A recent posting at the Harvard University Press’s blog poses the intriguing, timely, and perhaps disturbing question “What is a scholarly book?” Its author, Jeffrey Schnapp, is not exactly a disinterested party: in addition to being a professor of Romance languages and literature at Harvard he also serves as faculty director of metaLAB (at) Harvard (about which more below), and as faculty co-director of the Berkman Center for Internet and Society. He has, in other words, a dog or two in this fight—which may mean he has a bias but also suggests that he (unlike some who are pleased to weigh in on this and related issues) has some idea what he’s talking about.
Schnapp is general editor of the metaLABprojects series, a project of Harvard University Press, which, according to his posting, intends to create
a distinctive genre of scholarly publication endowed with the sort of curb appeal usually restricted to books found on the tables at architecture bookshops… the dream here is to forge a new genre of scholarly book that plays even as it engages in deep forms of historically informed argument: a genre whose natural home is university publishing even as it appeals to extramural audiences.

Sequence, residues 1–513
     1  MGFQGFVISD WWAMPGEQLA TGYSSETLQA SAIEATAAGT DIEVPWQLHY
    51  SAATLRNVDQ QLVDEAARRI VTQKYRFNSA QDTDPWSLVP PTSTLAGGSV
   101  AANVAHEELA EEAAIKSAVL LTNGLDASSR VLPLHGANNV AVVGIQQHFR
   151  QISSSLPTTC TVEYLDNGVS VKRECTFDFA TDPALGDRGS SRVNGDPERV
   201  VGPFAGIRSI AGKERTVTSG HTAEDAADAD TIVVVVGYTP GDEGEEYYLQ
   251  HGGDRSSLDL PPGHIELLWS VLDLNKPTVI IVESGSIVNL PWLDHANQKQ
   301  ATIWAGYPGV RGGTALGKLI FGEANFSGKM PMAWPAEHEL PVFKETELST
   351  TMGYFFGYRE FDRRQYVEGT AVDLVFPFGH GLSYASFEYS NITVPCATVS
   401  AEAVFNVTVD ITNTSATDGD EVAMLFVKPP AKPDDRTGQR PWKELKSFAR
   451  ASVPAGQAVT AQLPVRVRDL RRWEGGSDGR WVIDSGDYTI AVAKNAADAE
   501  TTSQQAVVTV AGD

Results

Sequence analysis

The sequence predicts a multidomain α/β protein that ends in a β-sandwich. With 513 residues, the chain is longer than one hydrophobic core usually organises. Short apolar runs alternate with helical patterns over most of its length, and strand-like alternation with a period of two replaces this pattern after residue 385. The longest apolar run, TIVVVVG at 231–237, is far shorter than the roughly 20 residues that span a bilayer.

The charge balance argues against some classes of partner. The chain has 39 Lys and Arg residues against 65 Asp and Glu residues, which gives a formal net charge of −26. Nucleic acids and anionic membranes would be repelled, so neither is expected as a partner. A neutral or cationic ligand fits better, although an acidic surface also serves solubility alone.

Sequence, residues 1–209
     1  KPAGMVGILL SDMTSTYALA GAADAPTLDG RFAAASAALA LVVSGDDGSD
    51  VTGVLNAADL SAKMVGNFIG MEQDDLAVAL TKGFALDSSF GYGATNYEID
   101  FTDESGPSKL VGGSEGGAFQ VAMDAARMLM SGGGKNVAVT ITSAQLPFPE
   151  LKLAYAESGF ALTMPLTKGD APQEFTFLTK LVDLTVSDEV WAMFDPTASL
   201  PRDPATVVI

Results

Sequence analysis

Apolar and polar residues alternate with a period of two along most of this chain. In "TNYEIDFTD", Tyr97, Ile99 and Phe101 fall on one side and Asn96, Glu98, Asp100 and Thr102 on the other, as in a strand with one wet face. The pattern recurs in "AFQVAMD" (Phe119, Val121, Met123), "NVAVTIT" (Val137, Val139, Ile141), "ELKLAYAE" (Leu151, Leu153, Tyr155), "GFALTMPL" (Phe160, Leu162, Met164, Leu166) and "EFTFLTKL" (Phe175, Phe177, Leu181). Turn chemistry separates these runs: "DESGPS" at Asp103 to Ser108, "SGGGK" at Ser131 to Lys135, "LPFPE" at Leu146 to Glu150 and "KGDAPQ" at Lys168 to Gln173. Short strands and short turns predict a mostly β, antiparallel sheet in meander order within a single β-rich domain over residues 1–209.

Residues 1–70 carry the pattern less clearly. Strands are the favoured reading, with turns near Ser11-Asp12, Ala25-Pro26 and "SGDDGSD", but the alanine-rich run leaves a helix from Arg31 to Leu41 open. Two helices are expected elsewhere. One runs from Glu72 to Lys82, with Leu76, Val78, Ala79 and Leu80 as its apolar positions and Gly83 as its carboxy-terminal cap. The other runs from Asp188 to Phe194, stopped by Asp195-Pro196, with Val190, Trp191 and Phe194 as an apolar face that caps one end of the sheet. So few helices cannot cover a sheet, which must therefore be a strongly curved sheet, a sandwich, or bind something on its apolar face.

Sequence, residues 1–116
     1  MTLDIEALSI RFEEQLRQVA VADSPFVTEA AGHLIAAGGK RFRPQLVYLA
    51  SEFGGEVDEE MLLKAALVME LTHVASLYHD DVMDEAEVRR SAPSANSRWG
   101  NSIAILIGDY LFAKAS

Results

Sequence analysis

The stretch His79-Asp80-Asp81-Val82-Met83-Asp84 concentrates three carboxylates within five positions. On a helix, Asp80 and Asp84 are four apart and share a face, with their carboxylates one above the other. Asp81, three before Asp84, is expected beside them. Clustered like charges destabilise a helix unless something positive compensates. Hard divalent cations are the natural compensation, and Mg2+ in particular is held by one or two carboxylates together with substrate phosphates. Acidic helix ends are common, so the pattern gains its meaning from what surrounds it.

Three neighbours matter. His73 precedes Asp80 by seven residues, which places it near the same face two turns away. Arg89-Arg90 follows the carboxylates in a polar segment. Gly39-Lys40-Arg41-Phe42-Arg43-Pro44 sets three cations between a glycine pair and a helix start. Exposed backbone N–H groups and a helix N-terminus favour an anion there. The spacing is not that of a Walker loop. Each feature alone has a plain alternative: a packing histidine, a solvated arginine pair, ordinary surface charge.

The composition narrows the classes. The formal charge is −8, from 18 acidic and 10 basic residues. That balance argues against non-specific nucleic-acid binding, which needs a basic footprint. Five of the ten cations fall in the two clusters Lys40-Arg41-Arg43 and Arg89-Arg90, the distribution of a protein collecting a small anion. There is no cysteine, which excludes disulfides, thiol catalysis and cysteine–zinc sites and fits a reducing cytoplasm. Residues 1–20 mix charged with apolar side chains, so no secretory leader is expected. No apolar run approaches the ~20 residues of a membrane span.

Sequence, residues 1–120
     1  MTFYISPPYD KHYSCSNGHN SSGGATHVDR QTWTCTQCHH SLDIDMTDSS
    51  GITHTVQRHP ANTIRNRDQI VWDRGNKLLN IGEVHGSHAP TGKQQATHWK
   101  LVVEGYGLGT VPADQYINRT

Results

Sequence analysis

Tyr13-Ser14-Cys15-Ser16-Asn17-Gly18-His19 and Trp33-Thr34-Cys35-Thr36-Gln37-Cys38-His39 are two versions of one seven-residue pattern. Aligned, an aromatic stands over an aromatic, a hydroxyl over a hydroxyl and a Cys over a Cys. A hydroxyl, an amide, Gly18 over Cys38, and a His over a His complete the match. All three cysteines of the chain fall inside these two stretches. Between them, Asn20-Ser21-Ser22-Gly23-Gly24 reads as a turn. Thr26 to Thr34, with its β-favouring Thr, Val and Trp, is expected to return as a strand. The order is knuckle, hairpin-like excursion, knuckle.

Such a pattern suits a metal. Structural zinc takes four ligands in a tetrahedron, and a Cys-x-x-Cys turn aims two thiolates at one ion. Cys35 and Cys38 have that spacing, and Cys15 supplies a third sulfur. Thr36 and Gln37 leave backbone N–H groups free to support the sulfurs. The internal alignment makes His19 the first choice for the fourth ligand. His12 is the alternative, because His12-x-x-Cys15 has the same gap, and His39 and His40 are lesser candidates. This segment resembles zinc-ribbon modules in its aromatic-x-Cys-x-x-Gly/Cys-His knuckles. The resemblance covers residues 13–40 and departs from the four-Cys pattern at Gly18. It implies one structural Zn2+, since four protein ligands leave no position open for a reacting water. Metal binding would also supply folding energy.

It’s interesting to note that each of the three books currently slated for release in the series is something of a meta-treatment: each of them appears to focus primarily on the emerging trend of which it is a part, rather than on a traditional scholarly discipline: one is about the future of libraries in a world where the definition of a book is no longer unambiguous; another fuses “digital humanities with media studies and graphic design history”; the third is “a digital platform transmogrified into a book” that examines the ethics of mapmaking in a hyperlinked information environment.
Some observers might see all this as a natural step in the emergence of a new scholarly dynamic—of course the first thing to do is interrogate and define the field, its tools, and its context. Others might see it as evidence that these new transdisciplinary, transformat, transwhatever scholarly products are not suited to traditional (or maybe even serious) scholarship at all. Still others will see it as evidence for the emergence of a new field of legitimate and rigorous scholarly investigation: the nature of scholarship itself in a radically different new world of communication.
This may seem trivially obvious, but I think it’s worth noting that there are at least two very distinct dimensions of newness here: new kinds of scholarship, and new kinds of scholarly products. Now, I realize that it’s not entirely uncontroversial to suggest a line of demarcation between the scholarship and its product—to do so is to raise the possibility that publishing is something other than “an integral part of the research process“—but I don’t think there’s any question that these two dimensions reward separate consideration of some kind.
Here’s another question that may seem banal but is, I think, actually fairly urgent: when it comes to the scholarly monograph, are we, in fact, worrying too much about how to keep things as they are?